Wednesday, 14 September 2011

THE PEDDLER, or the art of DIY feature film making

The Peddler (El Ambulante) is Daniel Burmeister, a very down to earth man in his sixties who has dedicated his late life in making home crafted full length feature films, travelling from dusty town to dusty town in Northern Argentina with a video camera, minimal equipment, and a tremendous skill to improvise. He shoots his films involving the locals as actors, based on a staple of four or five screenplays. This is community based film making on a shoe string at its best. 

 This beautiful documentary was made in Benjamín Gould, in the province of Córdoba, by Argentinian film makers Lucas Marcheggiano, Eduardo de la Serna (who also acted as the judge for the competition based on it) and Adriana Yurcovich.. The film opens with a long lens take of a dusty reddish road in the middle of nowhere, a small dark object in the distance slowly becomes a rusty wreck that Daniel calls a car. The car enters the lonely streets of the town, stopping in front of the municipality. Not only Leone's Once a Time in the West sprang to my mind, but also a short journey I took in 1971, into a slow town in the province of Misiones, in the North, after crossing the River Paraguay by boat. The dust, the loneliness of the place, the punishing sun... All captured in here.

 We see the same scene in reverse by the end of the film, as the peddler rides out of Benjamín Gould, his mission accomplished, a scene reminiscent of Westerns, with the hero riding into the sunset, a trail of dust behind him, accompanied in here by the music of the legendary Argentinian singer Atahualpa Yupanqui. This song is not only beautiful, but also captures the mood and atmosphere of the film, the loneliness of the vast agricultural plains, the slowness of a way of life, so well. 



Have no mistake, the peddler is a solitary man with a mission, to make cinema from the grass roots, although he does not articulate it in this fashion. Daniel Burmeister had already built a reputation before arriving to the town, he only asks for free accommodation and groceries from the local shops, as his income comes from the proceeds of the sale of tickets once the finished film is shown. Once the local council, the municipality, approves his terms, he charms the locals, including the children, to participate in auditions. These sessions are a kind of improvised home made method acting workshops, before deciding in the cast. He has, as the mayor of the town says, the knack to sort out every problem that conspires against the completion of the film, including sorting the broken radiator of his old car. In one scene, involving a wedding, the actor playing the part of the priest walks away, so the help of a bystander is enlisted and, presto!, the filming continues. In another crucial scene, one of his main characters has to go away to sort out an industrial accident, yet Daniel manages to get him to play his part before leaving, rearranging the shooting schedule, and the screenplay, thinking on his feet. 

 What the peddler does is to make people realize their own true value, their own potential, that you do not need to be famous to be able to act. In this sense, what he does goes against the grain of contemporary culture, with its incessant pursue of fame for the sake of it, in many cases. His conversations with the taxi driver are enlightening, to convince him to play a part in the film, his reluctance to do so, “he couldn't do that, he is not an actor”, left behind, a wig left by a passenger becoming useful for his character. Cinema on the hoof, and its works.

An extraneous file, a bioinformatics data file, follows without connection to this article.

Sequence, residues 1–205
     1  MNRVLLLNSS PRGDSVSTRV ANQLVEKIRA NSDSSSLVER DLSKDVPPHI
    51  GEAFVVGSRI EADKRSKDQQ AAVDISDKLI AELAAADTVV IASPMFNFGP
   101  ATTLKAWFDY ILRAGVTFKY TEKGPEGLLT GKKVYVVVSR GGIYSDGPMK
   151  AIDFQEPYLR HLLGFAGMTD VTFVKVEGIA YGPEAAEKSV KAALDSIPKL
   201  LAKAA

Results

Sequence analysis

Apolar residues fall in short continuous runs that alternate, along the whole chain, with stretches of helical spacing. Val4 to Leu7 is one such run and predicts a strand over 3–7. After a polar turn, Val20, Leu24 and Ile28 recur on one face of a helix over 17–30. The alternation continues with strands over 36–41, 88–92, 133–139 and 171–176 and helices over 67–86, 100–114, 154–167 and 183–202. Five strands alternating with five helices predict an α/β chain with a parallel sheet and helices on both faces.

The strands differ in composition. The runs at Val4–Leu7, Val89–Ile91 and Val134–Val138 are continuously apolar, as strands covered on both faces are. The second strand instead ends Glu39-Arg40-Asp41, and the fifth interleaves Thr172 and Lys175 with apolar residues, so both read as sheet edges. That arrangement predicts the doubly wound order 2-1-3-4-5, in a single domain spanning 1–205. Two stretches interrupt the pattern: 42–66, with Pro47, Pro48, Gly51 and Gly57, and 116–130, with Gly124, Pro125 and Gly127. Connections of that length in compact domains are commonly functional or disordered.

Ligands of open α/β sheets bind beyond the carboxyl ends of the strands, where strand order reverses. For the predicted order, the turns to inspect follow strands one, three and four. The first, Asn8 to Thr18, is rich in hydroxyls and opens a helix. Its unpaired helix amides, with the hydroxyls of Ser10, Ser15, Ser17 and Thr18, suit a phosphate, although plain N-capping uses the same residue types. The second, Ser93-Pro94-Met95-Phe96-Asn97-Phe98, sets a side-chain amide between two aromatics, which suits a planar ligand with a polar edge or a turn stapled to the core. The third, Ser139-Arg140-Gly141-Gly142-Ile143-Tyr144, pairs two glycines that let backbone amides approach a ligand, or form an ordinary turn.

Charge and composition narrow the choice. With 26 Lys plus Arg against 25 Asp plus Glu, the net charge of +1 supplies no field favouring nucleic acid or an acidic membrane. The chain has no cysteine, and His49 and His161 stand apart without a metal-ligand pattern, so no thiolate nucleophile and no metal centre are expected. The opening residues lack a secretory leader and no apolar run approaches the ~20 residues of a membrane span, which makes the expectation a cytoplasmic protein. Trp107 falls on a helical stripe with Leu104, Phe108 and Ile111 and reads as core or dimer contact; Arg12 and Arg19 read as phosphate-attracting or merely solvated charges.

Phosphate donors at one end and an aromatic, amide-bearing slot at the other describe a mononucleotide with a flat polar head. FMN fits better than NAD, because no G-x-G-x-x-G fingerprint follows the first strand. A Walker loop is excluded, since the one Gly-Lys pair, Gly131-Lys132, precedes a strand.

He has no interest in making commercial cinema, and the initial notions from the locals that he had to be a really bad director to ride into town are quickly dispelled. By adapting one of his staple of scripts (he used to write a script for each town where he made a film, at the beginning of his career as a film maker) to the circumstances and the abilities and characteristics of the cast he has been able to gather, the inhabitants are able not only to realize their own potential, their own creativity, but also a sense of community is reinforced, as people who only greeted each other with a “Good morning”, or “What a nice day!”, or whatever, start to actually talk to each other, to know the others who surround them. 

 When he leaves in his old car, rust and bits falling from it, he leaves behind not only a testimony of the creative potential of that community, but also a sense of worth which goes well beyond the geographic boundaries of the town, as tapes get sent to relatives leaving on all corners of the world. The sense of pride emanating from the function in the town hall when he shows the finished film to the locals is palpable, you should have seen the smile on my face when I was watching it. 

 The disc also contains three short films, the winner and runner ups of a competition held when The Peddler was released on British cinemas a few months back. I confess that I was slightly disappointed with those shorts, not so much, but because of their nature, with, perhaps, the exception of Kyle. The sleekness of their production betrayed the ethos behind The Peddler, the ethos of a community based and crafted film making. 

 The Peddler DVD goes on sale in Britain on 26th September, 2011, RPP £12.99
   

 Interview to Daniel Burmeister (not provided by Network Releasing). Regretabbly, it is in Spanish. 


 Stills and trailer © Network Releasing, unless otherwise indicated.

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